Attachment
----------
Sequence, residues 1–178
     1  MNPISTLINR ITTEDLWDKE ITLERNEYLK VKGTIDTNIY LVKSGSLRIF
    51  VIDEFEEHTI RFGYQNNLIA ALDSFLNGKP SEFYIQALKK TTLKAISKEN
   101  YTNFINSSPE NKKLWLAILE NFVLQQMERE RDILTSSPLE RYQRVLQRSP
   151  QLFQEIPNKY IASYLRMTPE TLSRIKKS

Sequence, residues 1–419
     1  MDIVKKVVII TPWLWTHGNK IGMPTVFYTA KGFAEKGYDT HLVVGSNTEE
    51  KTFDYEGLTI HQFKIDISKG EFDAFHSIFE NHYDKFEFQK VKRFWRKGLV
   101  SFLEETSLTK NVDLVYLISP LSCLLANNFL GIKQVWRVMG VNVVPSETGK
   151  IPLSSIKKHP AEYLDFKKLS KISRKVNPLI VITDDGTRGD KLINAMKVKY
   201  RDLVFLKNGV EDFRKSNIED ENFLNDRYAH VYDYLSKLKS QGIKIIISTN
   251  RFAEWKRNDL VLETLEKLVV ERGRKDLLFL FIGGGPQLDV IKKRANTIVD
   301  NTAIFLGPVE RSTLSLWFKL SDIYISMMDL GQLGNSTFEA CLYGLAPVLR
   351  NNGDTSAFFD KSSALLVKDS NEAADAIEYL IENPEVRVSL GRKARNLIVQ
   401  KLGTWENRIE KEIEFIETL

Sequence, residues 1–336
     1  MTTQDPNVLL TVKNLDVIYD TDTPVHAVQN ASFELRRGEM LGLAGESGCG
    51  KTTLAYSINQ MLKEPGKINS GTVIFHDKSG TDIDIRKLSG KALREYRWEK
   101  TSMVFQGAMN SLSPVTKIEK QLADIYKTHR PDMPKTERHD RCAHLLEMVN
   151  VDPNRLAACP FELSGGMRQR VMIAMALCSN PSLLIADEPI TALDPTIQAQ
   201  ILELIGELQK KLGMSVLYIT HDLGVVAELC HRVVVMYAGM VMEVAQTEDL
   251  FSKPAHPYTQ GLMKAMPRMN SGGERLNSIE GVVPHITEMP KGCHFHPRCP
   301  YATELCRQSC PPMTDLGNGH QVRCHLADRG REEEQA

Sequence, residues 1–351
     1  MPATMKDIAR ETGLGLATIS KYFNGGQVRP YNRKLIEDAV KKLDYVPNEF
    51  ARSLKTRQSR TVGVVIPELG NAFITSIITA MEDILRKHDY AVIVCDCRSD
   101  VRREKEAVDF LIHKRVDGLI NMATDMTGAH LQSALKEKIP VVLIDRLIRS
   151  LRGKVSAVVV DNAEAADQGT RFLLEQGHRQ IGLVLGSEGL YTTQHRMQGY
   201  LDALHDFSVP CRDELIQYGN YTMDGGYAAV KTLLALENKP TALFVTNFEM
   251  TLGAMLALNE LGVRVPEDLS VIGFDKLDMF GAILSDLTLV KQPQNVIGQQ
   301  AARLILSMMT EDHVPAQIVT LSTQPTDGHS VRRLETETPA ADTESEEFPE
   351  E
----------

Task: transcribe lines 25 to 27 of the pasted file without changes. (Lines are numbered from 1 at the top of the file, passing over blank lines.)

     1  MPATMKDIAR ETGLGLATIS KYFNGGQVRP YNRKLIEDAV KKLDYVPNEF
    51  ARSLKTRQSR TVGVVIPELG NAFITSIITA MEDILRKHDY AVIVCDCRSD
   101  VRREKEAVDF LIHKRVDGLI NMATDMTGAH LQSALKEKIP VVLIDRLIRS